Diagnosis by machine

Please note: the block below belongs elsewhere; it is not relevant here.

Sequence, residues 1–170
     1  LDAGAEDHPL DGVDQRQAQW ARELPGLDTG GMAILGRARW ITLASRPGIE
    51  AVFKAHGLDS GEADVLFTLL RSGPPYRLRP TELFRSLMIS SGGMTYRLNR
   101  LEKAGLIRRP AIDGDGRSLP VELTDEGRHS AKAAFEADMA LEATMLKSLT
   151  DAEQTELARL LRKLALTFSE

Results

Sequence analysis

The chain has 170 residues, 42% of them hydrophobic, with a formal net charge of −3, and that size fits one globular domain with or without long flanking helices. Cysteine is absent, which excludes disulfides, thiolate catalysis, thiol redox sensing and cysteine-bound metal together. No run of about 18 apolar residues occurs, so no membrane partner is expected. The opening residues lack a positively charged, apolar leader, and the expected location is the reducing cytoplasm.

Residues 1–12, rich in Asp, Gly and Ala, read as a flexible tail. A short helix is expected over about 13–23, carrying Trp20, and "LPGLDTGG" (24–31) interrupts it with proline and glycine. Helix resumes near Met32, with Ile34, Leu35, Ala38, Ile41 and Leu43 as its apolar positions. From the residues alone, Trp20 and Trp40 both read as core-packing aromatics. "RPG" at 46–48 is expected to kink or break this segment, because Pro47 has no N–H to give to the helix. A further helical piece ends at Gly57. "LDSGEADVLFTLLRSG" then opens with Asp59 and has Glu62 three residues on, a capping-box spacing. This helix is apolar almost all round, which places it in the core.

One of my scientific interests is the use of EEG or fMRI for diagnosis of neurological disorders in individual patients. So far, most studies (including my own) have been able to find statistically significant differences between groups of patients or between patients and healthy subjects. But, as not everyone realizes, these results unfortunately do not always imply that the measure under scrutiny provides a valuable diagnostic tool. For this to be true, the measure needs to have high sensitivity and high specificity, as well. In other words, if the measure does not link abnormal values to patients and normal values to healthy subjects in most of the cases, it is of no clinical value. Now, for applications in psychiatry an interesting result has been obtained by Khodayari-Rostamabad and co-authors from McMaster University in Hamilton (CA), which was published in Current Biology. They show that machine learning algorithms can be used for an automated diagnostic procedure, employing a selection procedure of the most relevant features derived (statistically) from an individual’s EEG. This is a very powerful technique, which only works however, if the training dataset is large enough (in their case they used a training dataset of 207 subjects, entailing three psychiatric disorders and data from healthy subjects, yielding 85% correct diagnoses after training and cross-validation experiments). I would love to do such a study employing EMG-fMRI in patients with different Parkinsonisms or tremors. All I have to do is find the funding …